Thursday, February 16, 2012

March 7 is World Read Aloud Day


PRESS RELEASE: Celebrate the Power of Words and Stories and Take Action for Global Literacy with LitWorld

Worldwide at least 793 million people remain illiterate. Imagine a world where everyone can read... 

On March 7, 2012, LitWorld, a global literacy organization based in New York City, will be celebrating World Read Aloud Day. World Read Aloud Day is about taking action to show the world that the right to read and write belongs to all people. World Read Aloud Day motivates children, teens, and adults worldwide to celebrate the power of words, especially those words that are shared from one person to another, and creates a community of readers advocating for every child’s right to a safe education and access to books and technology. By raising our voices together on this day we show the world’s children that we support their future: that they have the right to read, to write, and to share their words to change the world.

Sunday, February 12, 2012

Please give a child a book on Valentine's Day!

Or let a child borrow one. =D


PRESS RELEASE: International Book Giving Day (February 14th)

International Book Giving Day is a day dedicated to getting new, used, and borrowed books in the hands of as many children as possible. Tomi Ungerer, Judy Bloom, Katrina Germein and several other great authors are participating. It would be great to have you participate too!

We hope that we can connect people from around the world via International Book Giving Day’s website, Facebook page, flickr group, etc. and work together to focus on a good cause: getting books to kids.

Three simple ways you can celebrate International Book Giving Day:

1. Give a book to a friend or relative.

Is there a child in your life who would enjoy receiving a book on February 14th? In lieu of or in addition to a card or box of chocolates, choose a good book from a bookstore or public library to give to your child, grandchild, friend, or neighbor.

2. Donate a book.

Wrap up a box of children’s books that your kids have outgrown and get them in the hands of children who could really use a book or two. Donate your books to your local second hand store, library, children’s hospital, or nonprofit organization working to ensure that all kids have access to books.

3. Leave a book in a waiting room or lobby.

Choose a waiting room where kids are stuck waiting and there are few to no good books available. Purchase a good book, and deposit your book covertly or overtly in your waiting room of choice. The goal here is to spread the love of reading to kids, so choose a fun book, nothing controversial.

Let us know that you are participating, and we will add you to our list of people giving books for International Book Giving Day.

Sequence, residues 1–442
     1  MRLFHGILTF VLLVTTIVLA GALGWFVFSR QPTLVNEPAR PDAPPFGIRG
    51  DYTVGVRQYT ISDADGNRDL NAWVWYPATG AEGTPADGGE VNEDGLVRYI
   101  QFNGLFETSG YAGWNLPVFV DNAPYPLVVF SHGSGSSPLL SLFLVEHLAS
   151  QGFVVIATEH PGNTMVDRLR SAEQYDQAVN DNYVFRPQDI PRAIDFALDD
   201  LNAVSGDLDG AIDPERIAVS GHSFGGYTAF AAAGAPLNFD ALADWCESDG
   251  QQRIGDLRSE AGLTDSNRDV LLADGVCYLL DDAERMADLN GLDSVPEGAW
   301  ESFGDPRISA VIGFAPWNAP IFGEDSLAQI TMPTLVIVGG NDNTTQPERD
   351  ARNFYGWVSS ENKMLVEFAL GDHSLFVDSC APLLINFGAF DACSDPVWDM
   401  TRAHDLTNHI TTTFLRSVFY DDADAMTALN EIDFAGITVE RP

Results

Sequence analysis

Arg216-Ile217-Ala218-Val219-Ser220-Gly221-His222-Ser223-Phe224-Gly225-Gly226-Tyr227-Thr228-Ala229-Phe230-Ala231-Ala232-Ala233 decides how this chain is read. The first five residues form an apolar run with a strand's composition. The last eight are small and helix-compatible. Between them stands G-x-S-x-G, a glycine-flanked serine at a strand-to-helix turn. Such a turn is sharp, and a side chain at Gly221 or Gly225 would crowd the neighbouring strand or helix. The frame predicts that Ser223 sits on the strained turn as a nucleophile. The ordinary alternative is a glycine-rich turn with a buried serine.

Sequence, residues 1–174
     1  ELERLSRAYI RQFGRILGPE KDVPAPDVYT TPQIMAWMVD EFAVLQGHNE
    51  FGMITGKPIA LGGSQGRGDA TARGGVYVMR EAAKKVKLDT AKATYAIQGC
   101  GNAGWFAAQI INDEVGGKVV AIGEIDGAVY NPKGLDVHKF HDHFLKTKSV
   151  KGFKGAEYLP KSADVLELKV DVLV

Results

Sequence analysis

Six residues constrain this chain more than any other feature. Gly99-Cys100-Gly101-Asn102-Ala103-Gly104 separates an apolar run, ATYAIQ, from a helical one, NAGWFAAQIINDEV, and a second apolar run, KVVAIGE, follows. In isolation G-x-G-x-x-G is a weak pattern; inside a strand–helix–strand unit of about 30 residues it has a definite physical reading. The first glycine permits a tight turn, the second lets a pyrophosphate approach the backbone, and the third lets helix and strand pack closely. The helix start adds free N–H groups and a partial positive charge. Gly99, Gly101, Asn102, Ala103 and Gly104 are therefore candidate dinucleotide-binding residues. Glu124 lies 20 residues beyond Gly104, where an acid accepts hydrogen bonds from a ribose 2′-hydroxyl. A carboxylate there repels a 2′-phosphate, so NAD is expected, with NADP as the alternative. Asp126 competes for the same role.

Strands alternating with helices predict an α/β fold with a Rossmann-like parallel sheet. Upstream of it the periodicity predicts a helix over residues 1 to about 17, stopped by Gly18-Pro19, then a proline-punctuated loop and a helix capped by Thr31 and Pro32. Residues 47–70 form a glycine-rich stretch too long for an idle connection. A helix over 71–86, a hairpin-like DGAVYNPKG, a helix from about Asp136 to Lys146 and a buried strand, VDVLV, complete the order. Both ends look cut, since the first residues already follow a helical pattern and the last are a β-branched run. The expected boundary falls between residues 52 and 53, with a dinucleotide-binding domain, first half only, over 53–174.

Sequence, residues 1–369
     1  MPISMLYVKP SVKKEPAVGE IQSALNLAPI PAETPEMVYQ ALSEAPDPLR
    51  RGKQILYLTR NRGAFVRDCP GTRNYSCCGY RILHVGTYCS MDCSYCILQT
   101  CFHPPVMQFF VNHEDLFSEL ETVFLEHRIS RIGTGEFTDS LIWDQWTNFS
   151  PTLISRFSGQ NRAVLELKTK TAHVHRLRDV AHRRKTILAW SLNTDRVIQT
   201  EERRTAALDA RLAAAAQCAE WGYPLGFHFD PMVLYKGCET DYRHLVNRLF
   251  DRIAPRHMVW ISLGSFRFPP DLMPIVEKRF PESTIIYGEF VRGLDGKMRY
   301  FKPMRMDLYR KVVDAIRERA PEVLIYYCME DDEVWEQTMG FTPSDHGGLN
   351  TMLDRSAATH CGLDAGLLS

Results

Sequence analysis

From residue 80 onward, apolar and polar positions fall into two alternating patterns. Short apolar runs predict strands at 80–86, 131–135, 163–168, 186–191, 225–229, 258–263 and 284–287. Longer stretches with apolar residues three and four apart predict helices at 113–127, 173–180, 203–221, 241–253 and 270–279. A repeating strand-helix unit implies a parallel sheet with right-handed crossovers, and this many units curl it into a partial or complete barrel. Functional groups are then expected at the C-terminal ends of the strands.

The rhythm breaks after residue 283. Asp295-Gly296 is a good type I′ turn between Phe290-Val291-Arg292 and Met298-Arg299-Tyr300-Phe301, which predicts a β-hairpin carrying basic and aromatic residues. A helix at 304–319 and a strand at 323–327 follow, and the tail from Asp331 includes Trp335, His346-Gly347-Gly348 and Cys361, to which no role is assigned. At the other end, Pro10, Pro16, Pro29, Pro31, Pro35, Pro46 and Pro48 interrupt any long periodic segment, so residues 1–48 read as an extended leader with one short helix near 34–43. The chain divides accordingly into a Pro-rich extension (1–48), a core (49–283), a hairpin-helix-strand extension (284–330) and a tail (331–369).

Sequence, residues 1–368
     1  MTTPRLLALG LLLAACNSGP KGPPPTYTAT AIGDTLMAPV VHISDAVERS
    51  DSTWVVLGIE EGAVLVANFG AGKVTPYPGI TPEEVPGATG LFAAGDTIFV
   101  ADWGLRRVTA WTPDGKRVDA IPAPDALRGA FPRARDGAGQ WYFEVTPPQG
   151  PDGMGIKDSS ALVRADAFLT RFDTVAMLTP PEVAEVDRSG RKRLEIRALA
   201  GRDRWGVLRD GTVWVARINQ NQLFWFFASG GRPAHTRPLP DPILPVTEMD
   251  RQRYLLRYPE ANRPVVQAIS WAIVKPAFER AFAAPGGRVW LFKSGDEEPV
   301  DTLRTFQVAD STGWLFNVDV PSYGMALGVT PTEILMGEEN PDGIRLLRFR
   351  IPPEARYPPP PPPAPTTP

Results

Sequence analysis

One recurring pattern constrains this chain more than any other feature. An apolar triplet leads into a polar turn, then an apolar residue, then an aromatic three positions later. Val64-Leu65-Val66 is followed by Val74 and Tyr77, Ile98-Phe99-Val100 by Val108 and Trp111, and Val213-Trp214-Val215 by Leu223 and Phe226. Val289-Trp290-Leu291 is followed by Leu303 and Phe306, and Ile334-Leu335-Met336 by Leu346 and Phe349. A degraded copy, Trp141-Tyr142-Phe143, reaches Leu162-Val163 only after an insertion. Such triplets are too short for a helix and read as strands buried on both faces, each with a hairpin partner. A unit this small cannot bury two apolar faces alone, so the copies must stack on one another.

You can also connect with participants worldwide by sharing photos and ideas at International Book Giving Day’s website and Facebook page.

It would be fantastic to have your help with encouraging others to participate. Please, consider inviting authors, friends, and family in countries around the world to take part in International Book Giving Day.

Let's see how many people we can get to commit to giving a book to a child by February 14th!

Saturday, February 11, 2012

I have a crayon problem.





I still color in coloring books, love the smell of new crayons, and hate stubby crayons. The result is that every time I see boxes of crayons in a store, I have to buy one. Every. Single. Time. I have boxes of unopened crayons at home.

Is there a name for my problem? O_o


- Posted using BlogPress from my iPad

Sunday, February 05, 2012

Illustrator Interview: Holly Meade


Yahoo! Welcome to the first day of the Sydney Taylor Book Award Blog Tour. Every year, the Association of Jewish Libraries (AJL) presents the Sydney Taylor Book Awards to outstanding books for children and teens that authentically portray the Jewish experience - and the winners are celebrated and showcased through a blog tour!

For the blog tour, I have the honor of interviewing Holly Meade, winner of a Sydney Taylor Honor in the Younger Readers Category for illustrating Naamah and the Ark at Night (Candlewick, 2011). =D

Congratulations, Holly!!

Please tell us: Why do you illustrate for children? What keeps you motivated or inspired?


I illustrate for children because it's fun as well as challenging to create pictures with a child's view in mind.

What is your studio or work space like?

My studio is in my home, in a rural part of the Maine coast. It sits on the edge of a field that rolls down to the ocean. [Sounds beautiful!] This view means a great deal to me. The big open space seems to say "anything's possible." The beauty of the changing seasons, the many animals I see pass (I've seen moose and bobcats from my studio windows, as well as the more common critters), and the lovely air that floats in, all serve to inspire my work. The work space itself is kind of cluttered, full of art materials and large work tables and reference materials.